Ninja Up Review: Fun, Interrupted

Ninja Up Review: Fun, Interrupted

These days, Gameloft is known for making good looking 3D games like Modern Combat 4 and Rival Knights, or making movie tie-ins like Captain America: The Winter Soldier. While the company has released some games that have an up-front price, the bulk of its releases are free, and loaded with excessive in-app purchases.

So when we saw that Ninja Up, the company's latest release, is free to download, we were expecting another IAP-loaded experience. It turns out though that the game is completely free. Ninja Up doesn't have timers or consumables you can pay for - instead, you can just download the game and start having fun.

And there is a lot of fun to be had. Ninja Up is a 2D jumping game a little like Doodle Jump in that you keep rising upwards, and need to move from side to side to avoid obstacles. However, in Ninja Up you don't directly control the little ninja as he bounces up - instead, you have to swipe the screen strategically, to place trampolines for the ninja to launch off. A short trampoline makes him bounce faster and higher, but make it too small and you might miss him on the way down.

By angling your swipes, you can adjust the direction in which the ninja bounces, and that is important because there are a lot of obstacles on your way as you rise. At first, there are just cranes fixed to the sides of the screen, and dodging them is pretty easy. Soon you'll start seeing other ninjas in the sky - the red ones hang in one place, while the yellow ones move from side to side, and the game gets trickier. As you rise higher, the obstacles grow in number and get harder to dodge, and eventually, you're going to crash into something.

That's the entire game, and with its simple visual design and the tight focus on a single gameplay mechanic, it doesn't really feel like a typical Gameloft game. The visuals have a sense of whimsy - the backgrounds could be hand drawn, while the characters (your ninja and the various obstacles along the way) have a blocky appearance, as if made from Lego blocks.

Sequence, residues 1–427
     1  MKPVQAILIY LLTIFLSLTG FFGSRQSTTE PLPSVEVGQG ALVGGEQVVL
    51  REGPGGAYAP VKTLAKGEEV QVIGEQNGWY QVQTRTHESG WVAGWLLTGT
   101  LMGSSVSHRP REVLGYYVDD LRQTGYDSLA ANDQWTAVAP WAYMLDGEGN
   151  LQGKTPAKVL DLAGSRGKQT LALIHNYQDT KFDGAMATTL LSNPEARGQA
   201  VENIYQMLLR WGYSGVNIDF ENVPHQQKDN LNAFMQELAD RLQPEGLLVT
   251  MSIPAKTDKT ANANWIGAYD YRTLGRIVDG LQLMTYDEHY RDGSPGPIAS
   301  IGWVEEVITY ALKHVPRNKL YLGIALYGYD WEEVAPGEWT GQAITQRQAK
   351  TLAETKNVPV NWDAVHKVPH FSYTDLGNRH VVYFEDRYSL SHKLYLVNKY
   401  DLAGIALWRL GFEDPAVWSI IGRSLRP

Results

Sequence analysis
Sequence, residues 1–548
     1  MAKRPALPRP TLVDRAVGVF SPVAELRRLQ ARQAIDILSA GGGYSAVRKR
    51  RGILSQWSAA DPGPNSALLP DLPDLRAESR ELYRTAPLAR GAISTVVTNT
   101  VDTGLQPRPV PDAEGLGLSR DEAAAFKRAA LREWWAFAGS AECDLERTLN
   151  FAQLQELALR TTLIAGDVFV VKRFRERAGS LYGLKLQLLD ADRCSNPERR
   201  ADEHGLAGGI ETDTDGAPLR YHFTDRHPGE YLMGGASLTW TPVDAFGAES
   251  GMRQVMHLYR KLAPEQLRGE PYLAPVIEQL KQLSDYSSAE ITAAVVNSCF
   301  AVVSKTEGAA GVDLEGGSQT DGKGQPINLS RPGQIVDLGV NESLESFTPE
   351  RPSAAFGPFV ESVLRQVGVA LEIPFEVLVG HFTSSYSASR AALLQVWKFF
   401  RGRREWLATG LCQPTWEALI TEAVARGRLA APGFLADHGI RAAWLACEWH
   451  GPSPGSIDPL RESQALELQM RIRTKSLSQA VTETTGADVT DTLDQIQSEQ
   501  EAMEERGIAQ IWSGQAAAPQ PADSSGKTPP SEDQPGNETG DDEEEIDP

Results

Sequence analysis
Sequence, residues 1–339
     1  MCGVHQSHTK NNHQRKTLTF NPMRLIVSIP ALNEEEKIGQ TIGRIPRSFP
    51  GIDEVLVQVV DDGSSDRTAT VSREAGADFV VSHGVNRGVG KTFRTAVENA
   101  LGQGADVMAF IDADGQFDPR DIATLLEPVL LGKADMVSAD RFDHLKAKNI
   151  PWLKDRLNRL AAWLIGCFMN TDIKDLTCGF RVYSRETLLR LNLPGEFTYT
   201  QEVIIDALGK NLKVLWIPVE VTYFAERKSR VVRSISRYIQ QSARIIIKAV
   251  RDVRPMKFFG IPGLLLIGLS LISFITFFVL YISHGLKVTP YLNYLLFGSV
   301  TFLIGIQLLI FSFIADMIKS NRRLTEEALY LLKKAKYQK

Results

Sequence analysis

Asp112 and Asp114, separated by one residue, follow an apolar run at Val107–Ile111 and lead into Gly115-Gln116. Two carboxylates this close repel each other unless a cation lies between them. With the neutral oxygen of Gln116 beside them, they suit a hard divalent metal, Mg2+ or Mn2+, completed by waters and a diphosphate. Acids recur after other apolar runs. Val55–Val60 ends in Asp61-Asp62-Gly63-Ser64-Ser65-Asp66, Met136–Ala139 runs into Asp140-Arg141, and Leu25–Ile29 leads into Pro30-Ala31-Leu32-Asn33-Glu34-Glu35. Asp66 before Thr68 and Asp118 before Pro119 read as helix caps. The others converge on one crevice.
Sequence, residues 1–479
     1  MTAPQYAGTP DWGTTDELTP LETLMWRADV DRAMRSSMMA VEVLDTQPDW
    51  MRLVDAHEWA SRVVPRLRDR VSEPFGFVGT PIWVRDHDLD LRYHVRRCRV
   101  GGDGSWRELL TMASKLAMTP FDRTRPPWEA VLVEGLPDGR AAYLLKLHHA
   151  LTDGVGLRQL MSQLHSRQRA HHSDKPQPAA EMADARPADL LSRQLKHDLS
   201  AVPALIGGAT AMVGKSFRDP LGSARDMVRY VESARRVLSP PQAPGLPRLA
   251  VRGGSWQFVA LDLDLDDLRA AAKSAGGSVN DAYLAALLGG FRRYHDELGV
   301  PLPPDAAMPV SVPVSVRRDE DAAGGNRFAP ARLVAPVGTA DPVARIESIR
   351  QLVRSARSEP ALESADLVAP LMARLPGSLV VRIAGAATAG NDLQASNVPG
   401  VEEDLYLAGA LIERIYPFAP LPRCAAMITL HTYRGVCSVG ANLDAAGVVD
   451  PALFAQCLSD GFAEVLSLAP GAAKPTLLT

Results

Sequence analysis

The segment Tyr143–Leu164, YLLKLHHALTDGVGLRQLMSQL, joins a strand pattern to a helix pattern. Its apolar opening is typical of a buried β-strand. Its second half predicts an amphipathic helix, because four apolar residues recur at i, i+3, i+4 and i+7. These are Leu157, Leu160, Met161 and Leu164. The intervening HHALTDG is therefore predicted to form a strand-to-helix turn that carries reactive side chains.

The audio isn't a great fit for the visuals - it's got this stereotypical "mystical east" thing going on, it is honestly a little too noisy and fast, and can distract you from the game. We ended up keeping the game on mute most of the time.

While the basic gameplay is very simple, Ninja Up is actually a very difficult game. The collision detection is highly unforgiving, and a single hit ends your jump, leaving you to start from the ground up in an instant. That's part of the appeal of the game, of course - since the gameplay is so straightforward, you can always see what went wrong, and playing for just one more round to do better next time is almost irresistible. We played the game on an iPad, but it looked like it would be equally enjoyable on an iPhone's smaller screen.

Unfortunately, that's where things fall apart. The reason Gameloft is not attempting to make any money directly off Ninja Up might just be because it sees the game as a way to advertise all their other games. After you die, you have to hit the restart button to start again, and once you do, there is usually an ad that plays before you can start jumping.

The ads are for Gameloft's other games and they take a couple of seconds to load. Once you dismiss the ad, it still takes a second to start the game off again. This delay completely kills the momentum of the game. When you look at games where death is always just a second away (think Canabalt, or Super Meat Boy, or even Flappy Bird), the appeal is that you should always be able to see what went wrong, and the games all restart instantly, so that you're starting a fresh attempt with all the momentum intact.

By putting those ads in between jump attempts, Gameloft has broken the flow of an otherwise enjoyable, if difficult game. Still, it's completely free with no IAP either, so it's definitely worth checking out because the core gameplay itself is pretty enjoyable, despite the annoying ads.


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Further reading: Apps, Gameloft, Gaming, Ninja Up, iOS
Gopal Sathe is the Editor of Gadgets 360. He has covered technology for 15 years. He has written about data use and privacy, and its use in politics. He has also written extensively about the latest devices, video games, and startups in India. Write to or get in touch on Twitter through his handle @gopalsathe with tips. More
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